• scats50
          scats50 says:

          I agree with you both on saying what you need to say-whether you’re heard or not. I lived with someone for 32 years-gave them love and loyalty-and they betrayed me for someone younger. I’ve never stooped to conquer-always kept my integrity. But I did, with respect to myself and her, say what needed to be said, knowing there would never be any response. And yes, it seems so easy for them to ignore and forget you, especially since you’ve been replaced. There are so many feelings to work through- disbelief, abandonement, rejection, fear, anger etc. And when you’ve loved someone for so long it is awfully hard NOT to miss the essence of them; therefore twice as hard to let them go. There’s always that gentle little bittersweet memory that stirs the longing, the chance that they might grow tired and come home to you. But then you have to force yourself to face the NOW and be in the present in order to go on with your life and find your essence again. I agree, not an easy task at all. But again, I seek the supportive words to encourage me as I try to protect and listen to my heart.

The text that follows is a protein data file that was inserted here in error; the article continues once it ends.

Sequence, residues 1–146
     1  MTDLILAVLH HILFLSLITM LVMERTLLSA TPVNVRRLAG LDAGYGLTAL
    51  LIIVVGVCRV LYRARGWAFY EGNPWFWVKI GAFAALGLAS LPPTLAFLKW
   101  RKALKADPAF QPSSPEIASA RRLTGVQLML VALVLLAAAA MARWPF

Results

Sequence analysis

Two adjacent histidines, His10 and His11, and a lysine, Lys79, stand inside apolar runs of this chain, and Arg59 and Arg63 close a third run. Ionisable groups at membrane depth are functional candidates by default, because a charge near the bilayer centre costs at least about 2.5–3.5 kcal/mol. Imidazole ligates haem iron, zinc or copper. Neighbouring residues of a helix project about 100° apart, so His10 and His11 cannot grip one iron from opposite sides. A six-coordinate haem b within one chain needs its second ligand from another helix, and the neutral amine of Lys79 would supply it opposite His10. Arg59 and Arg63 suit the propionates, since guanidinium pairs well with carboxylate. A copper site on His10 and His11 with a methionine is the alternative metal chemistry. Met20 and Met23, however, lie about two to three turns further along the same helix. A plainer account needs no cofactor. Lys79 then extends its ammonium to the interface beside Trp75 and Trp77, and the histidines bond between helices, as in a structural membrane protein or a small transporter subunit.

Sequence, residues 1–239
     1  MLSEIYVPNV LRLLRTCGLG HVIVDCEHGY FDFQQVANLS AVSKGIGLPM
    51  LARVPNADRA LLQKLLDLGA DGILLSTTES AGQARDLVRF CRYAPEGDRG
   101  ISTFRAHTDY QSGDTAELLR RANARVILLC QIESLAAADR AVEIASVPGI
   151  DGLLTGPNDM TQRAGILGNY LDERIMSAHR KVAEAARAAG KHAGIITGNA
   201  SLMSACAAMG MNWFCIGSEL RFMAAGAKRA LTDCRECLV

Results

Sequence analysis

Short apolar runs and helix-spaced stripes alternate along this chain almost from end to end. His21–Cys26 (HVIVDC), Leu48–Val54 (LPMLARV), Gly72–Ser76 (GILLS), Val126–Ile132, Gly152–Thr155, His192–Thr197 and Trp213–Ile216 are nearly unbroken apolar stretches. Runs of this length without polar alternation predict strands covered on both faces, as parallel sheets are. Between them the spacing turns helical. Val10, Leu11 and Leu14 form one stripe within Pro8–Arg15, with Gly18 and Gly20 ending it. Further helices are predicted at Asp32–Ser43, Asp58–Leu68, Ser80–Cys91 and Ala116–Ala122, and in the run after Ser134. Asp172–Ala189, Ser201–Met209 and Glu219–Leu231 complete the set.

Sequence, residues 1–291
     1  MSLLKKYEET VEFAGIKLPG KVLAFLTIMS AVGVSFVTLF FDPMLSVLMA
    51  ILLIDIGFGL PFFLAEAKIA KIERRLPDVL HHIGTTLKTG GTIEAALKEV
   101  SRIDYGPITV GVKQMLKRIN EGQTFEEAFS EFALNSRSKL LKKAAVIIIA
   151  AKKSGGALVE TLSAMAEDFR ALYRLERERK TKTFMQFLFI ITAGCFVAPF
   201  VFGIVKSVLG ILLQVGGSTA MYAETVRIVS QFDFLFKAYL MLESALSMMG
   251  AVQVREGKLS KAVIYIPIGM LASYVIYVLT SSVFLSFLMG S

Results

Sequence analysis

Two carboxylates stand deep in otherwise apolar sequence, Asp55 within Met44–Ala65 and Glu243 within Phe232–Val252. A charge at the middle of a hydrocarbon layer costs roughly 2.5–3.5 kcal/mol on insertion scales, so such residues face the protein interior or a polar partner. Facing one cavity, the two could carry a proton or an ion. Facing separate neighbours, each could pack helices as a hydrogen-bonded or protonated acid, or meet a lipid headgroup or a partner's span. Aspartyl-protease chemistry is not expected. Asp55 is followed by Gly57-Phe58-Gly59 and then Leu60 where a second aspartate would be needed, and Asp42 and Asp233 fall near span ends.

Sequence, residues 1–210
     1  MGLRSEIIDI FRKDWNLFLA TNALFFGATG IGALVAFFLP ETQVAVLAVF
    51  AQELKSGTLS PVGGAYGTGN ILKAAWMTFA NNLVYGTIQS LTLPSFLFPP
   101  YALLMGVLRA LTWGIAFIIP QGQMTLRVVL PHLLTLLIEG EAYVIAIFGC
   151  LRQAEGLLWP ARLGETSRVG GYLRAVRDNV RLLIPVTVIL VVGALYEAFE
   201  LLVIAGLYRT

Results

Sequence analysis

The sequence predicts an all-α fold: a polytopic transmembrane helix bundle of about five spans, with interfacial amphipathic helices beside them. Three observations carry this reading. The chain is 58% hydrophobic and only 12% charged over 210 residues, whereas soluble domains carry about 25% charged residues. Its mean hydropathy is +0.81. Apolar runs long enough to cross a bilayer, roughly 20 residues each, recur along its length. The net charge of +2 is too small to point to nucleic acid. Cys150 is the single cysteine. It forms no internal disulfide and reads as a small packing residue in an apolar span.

Reply